Recent Immigration Policies March 14th, 2017
The recent changes in entry to the U.S. by foreign nationals has become a major topic of discussion since Donald Trump placed an executive order limiting entry to certain individuals. These limitations do not affect any European citizens at this time. To see what impact this has on the foreign medical graduate, let’s first summarize who is affected and what happened.
Donald Trump signed an executive order on January 27th, 2017, severely limiting the entry of foreign nationals from seven countries. Within a week, the Judicial branch of the government stated the order was unconstitutional and the order was challenged in the court system.
A revised executive order was signed on March 6, 2017 to mitigate the language from the original. This order limited the entry of foreign nationals into the United States from six countries: Iran, Libya, Somalia, Sudan, Syria, and Yemen, effective March 16, 2017. The ban does not apply to citizens of the six named countries if:
1. The individual has a valid U.S. visa by March 16th, 2017
2. Any individual that is within the U.S. on March 16th, 2017
3. Any lawful permanent resident of the U.S.
4. Any dual national of a country designated in the Executive Order if the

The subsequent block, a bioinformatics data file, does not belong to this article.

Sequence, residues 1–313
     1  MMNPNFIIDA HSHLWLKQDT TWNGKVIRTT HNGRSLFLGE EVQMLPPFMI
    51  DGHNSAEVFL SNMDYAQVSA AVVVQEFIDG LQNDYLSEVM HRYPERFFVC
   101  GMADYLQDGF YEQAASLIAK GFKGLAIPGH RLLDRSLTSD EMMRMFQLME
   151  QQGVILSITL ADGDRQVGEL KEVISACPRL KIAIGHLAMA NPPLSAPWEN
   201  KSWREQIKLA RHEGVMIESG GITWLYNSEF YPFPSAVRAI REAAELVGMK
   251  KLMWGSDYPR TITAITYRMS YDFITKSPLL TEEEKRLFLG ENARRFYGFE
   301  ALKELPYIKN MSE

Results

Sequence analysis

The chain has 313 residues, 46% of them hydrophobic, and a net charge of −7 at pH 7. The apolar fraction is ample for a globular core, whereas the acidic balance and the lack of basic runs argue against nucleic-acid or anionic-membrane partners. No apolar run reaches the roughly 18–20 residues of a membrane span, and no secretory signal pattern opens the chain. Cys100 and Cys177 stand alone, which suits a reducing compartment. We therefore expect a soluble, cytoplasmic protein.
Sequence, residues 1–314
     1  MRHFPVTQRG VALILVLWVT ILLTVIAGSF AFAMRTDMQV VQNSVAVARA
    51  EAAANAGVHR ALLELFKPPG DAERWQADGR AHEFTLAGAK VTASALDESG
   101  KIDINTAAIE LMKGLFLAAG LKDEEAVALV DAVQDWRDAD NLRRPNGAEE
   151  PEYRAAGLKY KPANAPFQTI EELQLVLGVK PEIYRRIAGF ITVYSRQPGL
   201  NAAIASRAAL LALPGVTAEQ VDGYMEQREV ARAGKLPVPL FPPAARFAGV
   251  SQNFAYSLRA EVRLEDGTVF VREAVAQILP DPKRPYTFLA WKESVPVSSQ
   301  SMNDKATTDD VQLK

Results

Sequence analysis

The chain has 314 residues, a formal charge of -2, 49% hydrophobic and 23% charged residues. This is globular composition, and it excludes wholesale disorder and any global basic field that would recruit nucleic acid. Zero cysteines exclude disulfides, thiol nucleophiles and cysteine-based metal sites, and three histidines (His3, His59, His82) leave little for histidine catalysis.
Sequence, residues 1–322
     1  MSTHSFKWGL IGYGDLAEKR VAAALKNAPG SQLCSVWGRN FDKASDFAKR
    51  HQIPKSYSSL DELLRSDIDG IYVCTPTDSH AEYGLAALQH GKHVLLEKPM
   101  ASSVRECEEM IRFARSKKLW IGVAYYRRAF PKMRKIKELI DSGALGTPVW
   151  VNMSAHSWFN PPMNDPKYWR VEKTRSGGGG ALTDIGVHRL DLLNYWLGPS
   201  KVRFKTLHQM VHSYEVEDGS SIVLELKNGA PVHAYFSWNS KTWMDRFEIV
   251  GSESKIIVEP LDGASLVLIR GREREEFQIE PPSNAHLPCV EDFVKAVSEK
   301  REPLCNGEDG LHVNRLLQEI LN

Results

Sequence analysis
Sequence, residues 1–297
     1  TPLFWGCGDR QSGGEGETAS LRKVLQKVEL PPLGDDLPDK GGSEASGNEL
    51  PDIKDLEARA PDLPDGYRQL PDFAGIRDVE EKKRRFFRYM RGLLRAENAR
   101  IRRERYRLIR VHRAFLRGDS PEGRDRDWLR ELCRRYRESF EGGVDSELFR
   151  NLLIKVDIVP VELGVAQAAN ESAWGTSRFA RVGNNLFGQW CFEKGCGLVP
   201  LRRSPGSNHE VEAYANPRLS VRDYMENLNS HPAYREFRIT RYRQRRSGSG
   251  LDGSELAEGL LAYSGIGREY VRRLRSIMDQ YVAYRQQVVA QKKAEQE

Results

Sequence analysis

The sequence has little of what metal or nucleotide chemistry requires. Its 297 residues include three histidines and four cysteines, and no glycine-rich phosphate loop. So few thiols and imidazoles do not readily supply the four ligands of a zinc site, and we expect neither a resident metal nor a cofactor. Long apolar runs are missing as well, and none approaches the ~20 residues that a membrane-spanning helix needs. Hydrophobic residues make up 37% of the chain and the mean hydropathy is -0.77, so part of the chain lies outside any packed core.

individual is traveling on a passport issued by the non-designated country
5. Any foreign national traveling on a diplomatic visa or diplomatic-type visa
6. Any foreign national or refugee who has already been granted asylum
The executive order is recognized by the Education Commission for Foreign Medical Graduates (ECFMG) and they are working closely with immigration organizations and international medical graduates to minimize any deleterious effects this may have on current or future medical trainees. The new revision allows for a case-by-case waiver of the suspension as deemed appropriate by the U.S. Customs and Border Protection and/or Department of State, for which the ECFMG believes medical trainees will have acceptable reasons to obtain a waiver.
As mentioned before, this travel ban does not apply to citizens of any European countries. I do not want to get into the ethics of the decision by the administration, although I will discuss the impact I think will have on European foreign medical graduates.
I expect the revision of the executive order to go to court over grounds that it is unconstitutional. Regardless if the order is upheld or not, I would not expect a great deal more legislation or executive orders to further prevent the entry of foreign nationals into the country, especially from European countries with which the U.S. has peaceful relations. Furthermore, students with particular backgrounds or religious preferences (namely Muslim) will not be limited in their travel or work in the U.S. if they are European citizens. Those students that have dual citizenship with one of the six countries mentioned, should travel on their European passport.
Those students that are fearful of discrimination due to their background or religion, should not be overly worried. U.S. citizens, for the most part, remain very open to individuals of varying backgrounds and are not like to judge on ethnicity or religion alone. You will still be very welcome in this country, for now and in the future. This is even more so in the medical community, where most people that have chosen this to be their profession have done so knowing people are people, no matter what their background.